At Intel’s Analyst Day last week, the company spoke a great deal about its plans for the future of tablets and its belief that the PC market was done contracting. Along the way, almost incidentally, Intel gave notice that the company’s old plans for the mobile phone market were dead in the water. To understand how significant the change has been, we need to hop back two years to December 2011 and Intel’s (first) Medfield unveiling.
Two years ago, Intel invited journalists to Santa Clara for a series of in-depth discussions and demonstrations of the company’s first serious 32nm cell phone, codenamed Medfield. Unlike the flash and pomp that had characterized other mobile phone promises from Intel, the company went to great pains to keep its statements on message and believable. Medfield, Intel promised, would compete against midrange smartphones. It would demonstrate Intel’s ability to compete in mobile. Future products, like Clover Trail+ and Merrifield, would then really open the market to x86 devices.
Intel’s mobile problems can be traced to several issues. First, the company’s radio timeline has been anything but timely. When Intel bought Infineon more than three years ago, it pitched the acquisition as part of a plan to accelerate its deployment of LTE technology. That didn’t happen — the company’s first 28nm fully compatible LTE modem, the XMM 7260, just started shipping to customers this past month. Intel’s recent Fujitsu Wireless acquisition is part of a further effort to bring competitive LTE radios to market.
Intel’s decision to keep Merrifield a dual-core part may have also been a strategic mistake. Hyper-Threading helped Medfield and Clover Trail+ keep up with dual- and quad-core devices, but Merrifield is a conventional two-core solution. Hyper-Threading gave OEMs some cover for claiming the chips were “like” quad-cores at a very small penalty to die size. Merrifield doesn’t. Since consumers have picked up on the marketing message that quad core = high-end phone, this limits Intel’s ability to sell Merrifield as a high-end solution. Benchmarks, meanwhile, are often coded to take advantage of four cores, even when general applications don’t utilize them often, or particularly well.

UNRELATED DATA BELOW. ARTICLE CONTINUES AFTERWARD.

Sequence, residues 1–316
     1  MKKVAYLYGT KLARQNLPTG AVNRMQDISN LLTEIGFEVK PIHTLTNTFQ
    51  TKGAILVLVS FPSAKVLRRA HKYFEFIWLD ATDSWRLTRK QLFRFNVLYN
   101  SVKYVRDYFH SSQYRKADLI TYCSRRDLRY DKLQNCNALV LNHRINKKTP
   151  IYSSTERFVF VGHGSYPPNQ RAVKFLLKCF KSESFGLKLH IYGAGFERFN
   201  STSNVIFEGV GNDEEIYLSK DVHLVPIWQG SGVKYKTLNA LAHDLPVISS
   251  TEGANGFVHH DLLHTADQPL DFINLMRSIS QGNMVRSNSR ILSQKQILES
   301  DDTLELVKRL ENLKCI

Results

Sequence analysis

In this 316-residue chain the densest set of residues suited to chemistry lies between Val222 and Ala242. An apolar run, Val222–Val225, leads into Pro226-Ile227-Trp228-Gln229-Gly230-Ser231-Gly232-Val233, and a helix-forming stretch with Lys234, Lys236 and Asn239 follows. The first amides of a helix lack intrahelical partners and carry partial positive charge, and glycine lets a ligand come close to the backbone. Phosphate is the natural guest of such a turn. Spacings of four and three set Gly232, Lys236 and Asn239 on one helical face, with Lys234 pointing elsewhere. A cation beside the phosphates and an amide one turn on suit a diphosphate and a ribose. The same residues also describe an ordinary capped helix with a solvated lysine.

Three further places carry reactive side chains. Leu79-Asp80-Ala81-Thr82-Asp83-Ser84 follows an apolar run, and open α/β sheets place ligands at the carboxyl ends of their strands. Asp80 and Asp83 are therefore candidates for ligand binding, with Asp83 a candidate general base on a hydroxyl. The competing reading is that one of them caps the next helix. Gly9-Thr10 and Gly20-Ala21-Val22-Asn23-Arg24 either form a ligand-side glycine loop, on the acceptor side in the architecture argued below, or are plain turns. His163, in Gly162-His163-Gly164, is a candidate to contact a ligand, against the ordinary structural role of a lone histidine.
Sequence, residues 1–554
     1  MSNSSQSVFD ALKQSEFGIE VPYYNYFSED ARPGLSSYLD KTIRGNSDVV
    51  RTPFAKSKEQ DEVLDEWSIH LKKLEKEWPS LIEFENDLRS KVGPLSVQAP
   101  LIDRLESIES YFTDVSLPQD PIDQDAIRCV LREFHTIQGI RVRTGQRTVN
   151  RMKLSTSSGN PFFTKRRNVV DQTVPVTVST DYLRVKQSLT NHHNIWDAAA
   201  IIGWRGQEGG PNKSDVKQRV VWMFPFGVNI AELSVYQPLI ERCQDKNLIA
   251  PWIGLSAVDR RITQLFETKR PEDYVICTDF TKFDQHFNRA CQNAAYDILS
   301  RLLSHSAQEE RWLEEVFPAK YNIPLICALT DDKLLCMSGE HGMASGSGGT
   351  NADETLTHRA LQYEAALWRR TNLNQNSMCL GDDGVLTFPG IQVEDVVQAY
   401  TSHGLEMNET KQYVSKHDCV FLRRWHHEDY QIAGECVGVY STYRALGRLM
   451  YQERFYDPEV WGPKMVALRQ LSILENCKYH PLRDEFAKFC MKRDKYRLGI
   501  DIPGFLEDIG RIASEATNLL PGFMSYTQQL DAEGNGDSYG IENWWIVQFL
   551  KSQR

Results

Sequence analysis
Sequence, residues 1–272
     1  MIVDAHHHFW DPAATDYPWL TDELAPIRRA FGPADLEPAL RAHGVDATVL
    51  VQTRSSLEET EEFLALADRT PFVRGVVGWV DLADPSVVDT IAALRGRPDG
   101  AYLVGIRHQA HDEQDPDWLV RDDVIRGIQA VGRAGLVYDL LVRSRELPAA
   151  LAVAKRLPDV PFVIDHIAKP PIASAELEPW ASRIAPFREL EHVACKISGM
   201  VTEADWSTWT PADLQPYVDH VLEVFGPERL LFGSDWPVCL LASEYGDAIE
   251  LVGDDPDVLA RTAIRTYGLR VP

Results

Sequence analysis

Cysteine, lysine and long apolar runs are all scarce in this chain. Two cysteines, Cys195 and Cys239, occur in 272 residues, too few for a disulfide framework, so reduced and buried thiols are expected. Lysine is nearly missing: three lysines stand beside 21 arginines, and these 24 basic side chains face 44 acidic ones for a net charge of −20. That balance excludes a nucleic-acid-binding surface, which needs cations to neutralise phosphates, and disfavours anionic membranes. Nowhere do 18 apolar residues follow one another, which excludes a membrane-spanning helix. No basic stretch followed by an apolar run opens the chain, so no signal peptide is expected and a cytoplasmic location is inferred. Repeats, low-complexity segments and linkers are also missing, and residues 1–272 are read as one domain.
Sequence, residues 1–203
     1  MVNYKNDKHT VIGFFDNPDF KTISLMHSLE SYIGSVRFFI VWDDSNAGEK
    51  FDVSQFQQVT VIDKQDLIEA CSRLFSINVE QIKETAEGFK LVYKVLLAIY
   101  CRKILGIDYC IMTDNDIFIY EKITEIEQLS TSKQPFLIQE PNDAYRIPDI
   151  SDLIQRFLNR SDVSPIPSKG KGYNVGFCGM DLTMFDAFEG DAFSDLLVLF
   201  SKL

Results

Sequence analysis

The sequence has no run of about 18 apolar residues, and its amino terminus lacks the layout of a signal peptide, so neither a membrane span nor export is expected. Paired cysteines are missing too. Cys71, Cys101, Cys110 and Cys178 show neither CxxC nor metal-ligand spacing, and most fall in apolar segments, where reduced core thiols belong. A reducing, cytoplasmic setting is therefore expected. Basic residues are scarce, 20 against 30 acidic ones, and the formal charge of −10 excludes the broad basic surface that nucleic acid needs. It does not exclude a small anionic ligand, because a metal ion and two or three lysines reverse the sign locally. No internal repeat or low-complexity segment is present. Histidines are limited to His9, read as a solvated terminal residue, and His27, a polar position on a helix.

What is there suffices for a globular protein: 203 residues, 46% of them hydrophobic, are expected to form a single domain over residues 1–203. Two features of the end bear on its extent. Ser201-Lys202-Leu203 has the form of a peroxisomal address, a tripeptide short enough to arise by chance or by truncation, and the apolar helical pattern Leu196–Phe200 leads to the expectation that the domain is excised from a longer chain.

Alongside the technical issues, there are a host of other potential roadblocks. Intel has always had certain margin targets it wants to maintain on its phone business, and while it was willing to reduce those rates to gain market share, phone manufacturers in the US are leery of being trapped and commoditized by Intel marketing. Historically, Intel’s business practices have done an extraordinary job of keeping Intel’s margins high. Dell, HP, and Lenovo’s margins? Not so much.
The large vendors that could pay Intel’s higher margin costs and focus mainly on high-end smartphones, like Samsung and Apple, are determined to create their own custom silicon and retain a greater degree of control over their own IP. Intel has enjoyed some success with smaller OEMs like Motorola and Lenovo, but can’t apparently offer the kind of breakaway performance improvement that would drive serious OEM engagement.
Next page: The road ahead…
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